Smart goal setting examples can be found all around you. Through SMART goal setting, Stephen Cooley was able to grow his real estate business to the point of closing at $110 million in sales when the average price point of homes was between $100,000 – $200,000 in South Carolina[1].

          Through SMART goal setting, Steve Jobs was able to improve the fortunes of Apple and prevent the company from going bankrupt, even when it had barely 90 days left before being declared so.

          SMART goal setting can make a lasting impact in your life in several ways.

          Make Your Goal Clearer

          When you use the SMART criteria to set goals, it is easier for you to understand the various phases of your goal.

          By using SMART goal setting, you’re able to ask yourself relevant questions pertaining to your goal.

          Motivate You Into Acting on Your Goals

          When you use SMART goal setting and break down the goal into smaller goals or milestones, the bigger goal no longer looks intimidating or impossible.

          Jack Canfield, co-author of Chicken Soup for the Soul, wrote in his book How to Get from Where You Are to Where You Want to Be about how they applied the rule of five in marketing their book, Chicken Soup, and were able to make the book a best seller after some months[2]. The rule of five simply means doing five specific things every day that will move you closer to achieving your goal.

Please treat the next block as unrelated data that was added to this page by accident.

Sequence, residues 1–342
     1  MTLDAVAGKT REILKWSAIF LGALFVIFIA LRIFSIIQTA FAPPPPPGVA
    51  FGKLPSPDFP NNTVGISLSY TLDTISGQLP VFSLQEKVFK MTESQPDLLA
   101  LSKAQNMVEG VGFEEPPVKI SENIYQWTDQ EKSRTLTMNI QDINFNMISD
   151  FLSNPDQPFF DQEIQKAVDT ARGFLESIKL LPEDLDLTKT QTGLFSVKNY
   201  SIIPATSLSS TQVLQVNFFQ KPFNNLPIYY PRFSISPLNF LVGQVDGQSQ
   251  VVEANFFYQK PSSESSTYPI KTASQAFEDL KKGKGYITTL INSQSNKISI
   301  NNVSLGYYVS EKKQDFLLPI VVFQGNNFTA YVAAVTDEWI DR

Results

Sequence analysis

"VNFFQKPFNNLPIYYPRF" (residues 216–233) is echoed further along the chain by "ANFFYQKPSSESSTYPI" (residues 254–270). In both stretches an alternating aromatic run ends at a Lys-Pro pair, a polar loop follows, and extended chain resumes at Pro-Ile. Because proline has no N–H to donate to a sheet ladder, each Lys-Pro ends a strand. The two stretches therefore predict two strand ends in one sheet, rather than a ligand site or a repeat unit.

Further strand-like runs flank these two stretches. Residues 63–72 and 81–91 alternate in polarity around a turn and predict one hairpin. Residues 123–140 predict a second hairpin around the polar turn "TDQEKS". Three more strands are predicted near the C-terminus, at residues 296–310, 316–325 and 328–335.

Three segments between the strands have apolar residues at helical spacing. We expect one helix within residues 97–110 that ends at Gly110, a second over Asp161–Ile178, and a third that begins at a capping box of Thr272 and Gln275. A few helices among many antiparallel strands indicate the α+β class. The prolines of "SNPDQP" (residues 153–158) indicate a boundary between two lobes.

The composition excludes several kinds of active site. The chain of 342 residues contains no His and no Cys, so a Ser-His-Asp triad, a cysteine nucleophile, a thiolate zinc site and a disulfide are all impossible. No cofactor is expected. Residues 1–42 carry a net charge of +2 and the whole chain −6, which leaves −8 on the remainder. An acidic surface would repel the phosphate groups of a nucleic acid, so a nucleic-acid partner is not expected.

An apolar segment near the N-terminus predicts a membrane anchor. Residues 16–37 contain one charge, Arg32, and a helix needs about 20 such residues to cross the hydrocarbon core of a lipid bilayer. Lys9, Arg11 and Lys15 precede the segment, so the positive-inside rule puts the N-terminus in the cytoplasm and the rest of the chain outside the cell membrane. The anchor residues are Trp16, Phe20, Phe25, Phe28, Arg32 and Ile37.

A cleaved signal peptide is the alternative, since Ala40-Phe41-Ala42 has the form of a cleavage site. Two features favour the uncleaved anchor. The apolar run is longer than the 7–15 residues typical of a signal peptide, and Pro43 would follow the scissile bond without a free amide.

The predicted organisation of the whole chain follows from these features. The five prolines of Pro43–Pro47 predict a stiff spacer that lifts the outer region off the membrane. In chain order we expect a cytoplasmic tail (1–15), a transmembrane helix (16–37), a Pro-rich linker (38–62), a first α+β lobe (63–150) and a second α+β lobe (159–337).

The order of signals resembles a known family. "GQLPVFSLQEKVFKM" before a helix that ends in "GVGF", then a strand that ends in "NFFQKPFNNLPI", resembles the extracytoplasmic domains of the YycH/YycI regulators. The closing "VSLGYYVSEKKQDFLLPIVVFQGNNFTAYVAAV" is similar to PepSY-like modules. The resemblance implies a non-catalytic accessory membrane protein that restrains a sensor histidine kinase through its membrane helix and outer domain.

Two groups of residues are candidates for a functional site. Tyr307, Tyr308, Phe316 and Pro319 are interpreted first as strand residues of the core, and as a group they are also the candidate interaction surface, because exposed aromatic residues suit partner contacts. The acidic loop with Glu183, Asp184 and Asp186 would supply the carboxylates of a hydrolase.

In order not to be overwhelmed, you would have to measure your performance using the right metrics. Here we are considering the Measurable and Achievable aspects of the SMART acronym. It is critical that you measure yourself in terms of lead measures.

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          What are lead measures? They are the things you do that leads you closer to your goals. On the other hand, you would have to avoid “lag measures.”

          While lag measures mean a successful outcome that you wished for and got, they can be emotionally draining and deceitful because, whenever they don’t happen, you can become discouraged.

          Therefore, it is better to stick to lead measures.

          Help You Save Time

          You can achieve more when you use SMART model goal setting.

          To be strategic, your goal would have to be specific, measurable, achievable, realistic, and time-bound. If you can’t identify any of these points in your goal, you probably will be wasting your time on a wild goose chase.

          When your goals are written down, it’s easier for you to go into action mode.

          Improve Your Self-Discipline

          Self-improvement is an important thing for everyone to do periodically. When you set SMART goals, it makes you realize that you have to sit up and work on achieving them.